What obstacles does the dev team you’ve hired need to overcome to make CD work well? Their work will need constant internal and external maintenance. Quality control will also need time to validate the continuously integrated code’s usability. Some of the benefits include:
- The development process speeds up
- Automation allows code that’s complete to integrate automatically
- Risk is minimized
- The overall product will be more professional
There are also obstacles to make CDD work well. This step will only work if everything else is already working and the process needs to be automated. If you get everything working correctly, though, some benefits include:
- Software releases get sped up by several days
- Automation will only allow completed updates to pass through its filters
- Your development team will not need to worry incorrect releases
When to Integrate and When to Deploy
CI and CD are similar but possess key differences.
The main differences between the two focus on the intent behind both processes. Continuous integration mainly focuses on creating databases that can then be used.
Continuous deployment focuses on using already existing databases to test content. Basically, continuous integration is developer-focused and continuous deployment is tester-focused. A developer may wear both hats at some point but CI and CD still remain separate.
Correct uses of both CI and CD result in an incredibly effective development process.
Continuous Integration to Continuous Deployment
This process takes place almost entirely within the pre-launch process. Because continuous deployment hosts all changes within a virtual location, it is not always fit for full-scale production. If your developers are working on a completely new ap for you and your customers than the continuous deployment process might be the way to go.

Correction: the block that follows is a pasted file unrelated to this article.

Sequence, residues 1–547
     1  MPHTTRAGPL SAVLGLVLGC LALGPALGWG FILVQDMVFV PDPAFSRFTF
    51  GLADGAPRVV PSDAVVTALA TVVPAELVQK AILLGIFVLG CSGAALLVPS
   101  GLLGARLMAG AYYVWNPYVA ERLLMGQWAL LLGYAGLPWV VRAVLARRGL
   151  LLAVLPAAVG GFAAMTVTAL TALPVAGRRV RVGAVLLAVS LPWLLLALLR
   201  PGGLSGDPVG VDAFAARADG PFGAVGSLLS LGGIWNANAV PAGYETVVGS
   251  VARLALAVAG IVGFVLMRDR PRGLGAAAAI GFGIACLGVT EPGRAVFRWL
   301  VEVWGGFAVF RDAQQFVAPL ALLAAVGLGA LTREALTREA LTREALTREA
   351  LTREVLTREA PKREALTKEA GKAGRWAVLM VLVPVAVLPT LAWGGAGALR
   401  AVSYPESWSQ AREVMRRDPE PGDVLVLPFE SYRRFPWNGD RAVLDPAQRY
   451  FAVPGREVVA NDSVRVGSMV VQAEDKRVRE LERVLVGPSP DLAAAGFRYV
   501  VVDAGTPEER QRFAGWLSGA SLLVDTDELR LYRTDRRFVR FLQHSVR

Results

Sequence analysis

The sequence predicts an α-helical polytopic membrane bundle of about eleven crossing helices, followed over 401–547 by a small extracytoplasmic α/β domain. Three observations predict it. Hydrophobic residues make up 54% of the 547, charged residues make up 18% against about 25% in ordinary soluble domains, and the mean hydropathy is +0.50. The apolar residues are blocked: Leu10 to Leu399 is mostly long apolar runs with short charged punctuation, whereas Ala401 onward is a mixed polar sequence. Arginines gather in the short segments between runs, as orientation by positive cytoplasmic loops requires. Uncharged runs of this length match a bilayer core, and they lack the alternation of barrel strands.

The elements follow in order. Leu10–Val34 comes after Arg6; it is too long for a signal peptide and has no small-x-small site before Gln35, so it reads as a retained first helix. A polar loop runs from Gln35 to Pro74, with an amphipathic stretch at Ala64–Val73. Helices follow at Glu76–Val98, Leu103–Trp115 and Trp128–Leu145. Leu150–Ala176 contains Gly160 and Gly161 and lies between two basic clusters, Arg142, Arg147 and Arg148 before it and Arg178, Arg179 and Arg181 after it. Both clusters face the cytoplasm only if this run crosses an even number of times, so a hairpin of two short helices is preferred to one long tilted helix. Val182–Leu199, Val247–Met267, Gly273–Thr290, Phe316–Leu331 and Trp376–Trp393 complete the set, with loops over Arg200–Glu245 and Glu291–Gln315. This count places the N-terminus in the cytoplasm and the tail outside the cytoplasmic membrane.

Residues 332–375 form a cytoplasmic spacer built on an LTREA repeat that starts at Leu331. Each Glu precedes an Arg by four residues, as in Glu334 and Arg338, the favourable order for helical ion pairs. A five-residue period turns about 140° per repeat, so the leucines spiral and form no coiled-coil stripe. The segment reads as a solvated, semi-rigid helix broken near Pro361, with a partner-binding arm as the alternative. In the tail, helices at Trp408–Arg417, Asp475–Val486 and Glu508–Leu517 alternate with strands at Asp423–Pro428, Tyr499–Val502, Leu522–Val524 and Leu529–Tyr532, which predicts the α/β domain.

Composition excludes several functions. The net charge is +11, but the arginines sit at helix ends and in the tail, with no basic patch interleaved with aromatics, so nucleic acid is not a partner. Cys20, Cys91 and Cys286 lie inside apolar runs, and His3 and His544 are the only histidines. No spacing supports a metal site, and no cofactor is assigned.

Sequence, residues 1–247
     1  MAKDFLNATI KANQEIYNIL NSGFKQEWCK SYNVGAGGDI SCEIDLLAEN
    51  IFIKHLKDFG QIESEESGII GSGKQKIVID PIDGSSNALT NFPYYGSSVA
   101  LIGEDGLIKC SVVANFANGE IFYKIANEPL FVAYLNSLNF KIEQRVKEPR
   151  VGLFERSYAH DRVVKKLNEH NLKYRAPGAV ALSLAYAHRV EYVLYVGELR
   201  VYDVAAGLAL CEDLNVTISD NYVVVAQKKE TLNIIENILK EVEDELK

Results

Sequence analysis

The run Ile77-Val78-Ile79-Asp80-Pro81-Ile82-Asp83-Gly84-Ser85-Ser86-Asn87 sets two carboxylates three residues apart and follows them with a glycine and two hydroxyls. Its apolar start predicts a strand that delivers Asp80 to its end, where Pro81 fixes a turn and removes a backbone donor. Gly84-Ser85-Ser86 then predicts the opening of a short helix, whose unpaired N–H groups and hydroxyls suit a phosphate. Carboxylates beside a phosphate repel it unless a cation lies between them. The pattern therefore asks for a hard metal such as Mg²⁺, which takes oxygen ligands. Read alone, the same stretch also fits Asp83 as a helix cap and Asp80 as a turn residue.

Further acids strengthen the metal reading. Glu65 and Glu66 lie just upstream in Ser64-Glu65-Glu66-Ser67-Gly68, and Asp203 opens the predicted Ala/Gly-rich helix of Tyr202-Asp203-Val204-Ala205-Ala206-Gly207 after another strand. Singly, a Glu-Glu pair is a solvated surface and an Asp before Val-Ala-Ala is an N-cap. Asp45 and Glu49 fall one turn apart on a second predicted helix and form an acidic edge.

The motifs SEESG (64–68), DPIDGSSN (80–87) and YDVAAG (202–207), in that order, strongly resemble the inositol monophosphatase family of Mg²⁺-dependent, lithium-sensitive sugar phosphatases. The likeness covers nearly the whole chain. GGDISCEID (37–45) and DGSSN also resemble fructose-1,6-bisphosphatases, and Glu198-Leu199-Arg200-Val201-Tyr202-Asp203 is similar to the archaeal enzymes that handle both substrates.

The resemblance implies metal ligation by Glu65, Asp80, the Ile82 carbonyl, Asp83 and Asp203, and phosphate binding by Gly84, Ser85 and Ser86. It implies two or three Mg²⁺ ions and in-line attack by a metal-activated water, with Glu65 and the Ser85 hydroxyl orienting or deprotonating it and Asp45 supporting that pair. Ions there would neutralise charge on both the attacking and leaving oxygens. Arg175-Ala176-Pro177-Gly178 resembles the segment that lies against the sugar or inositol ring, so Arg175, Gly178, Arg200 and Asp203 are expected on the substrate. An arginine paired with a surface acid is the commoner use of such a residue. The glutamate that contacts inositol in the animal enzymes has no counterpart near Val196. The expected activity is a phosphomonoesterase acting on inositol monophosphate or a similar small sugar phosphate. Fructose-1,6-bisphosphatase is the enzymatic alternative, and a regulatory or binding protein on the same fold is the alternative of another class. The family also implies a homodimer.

With the continuous deployment process, your development team will be able to test every iteration thoroughly before it ever reaches the final code.
Continuous deployment thrives in a situation that is highly controlled. This means that a closed beta testing group is perfect for a CD workflow. What we gain in testing time, we lose out on speed.
A continuous-integration-to-continuous deployment pipeline cannot be launched as fast as a continuous delivery pipeline.
Continuous Integration to Continuous Delivery
If the app that you’re hiring the development team to work on is already live, then continuous delivery is your friend.
It’s best to allow your dev team access to the original development team’s code assets sooner rather than later (if possible). This way, your team can begin building out a continuous delivery process.
The new development team you’ve hired can then begin running basic updates using a continuous delivery method first. This will allow them to confirm that processes are in place correctly before running any large updates and heavy maintenance.
This process also has the added benefit of giving the development team the time they need to create their automated continuous integration testing protocols. This slow ramp-up process takes some time, but it will ensure that your application remains stable, fully functional, and bug-free.
The general guidelines that a development company should be following are outlined below for your reference and for your comfort.
- A build should have indicated that it was “successful” the developer submits it for continuous delivery. If the asset is broken then it will be returned for changes.
- The developer should rebase their workspace to the “successful” configuration after they have a confirmed successful build of code.
- The developer should then build and test locally to test for errors before submitting for final review.
- After their tests, the developer can submit their code for its final review.
- The developer should then run a continuous integration cycle to record the changes they made to the code.
- If the build fails again, the developer should retest the build locally.
- If the build is successfully continuously integrated the developer can continue on to the next task.
Congratulations! You now have a development team that’s able and ready to meet even the tightest of deadlines.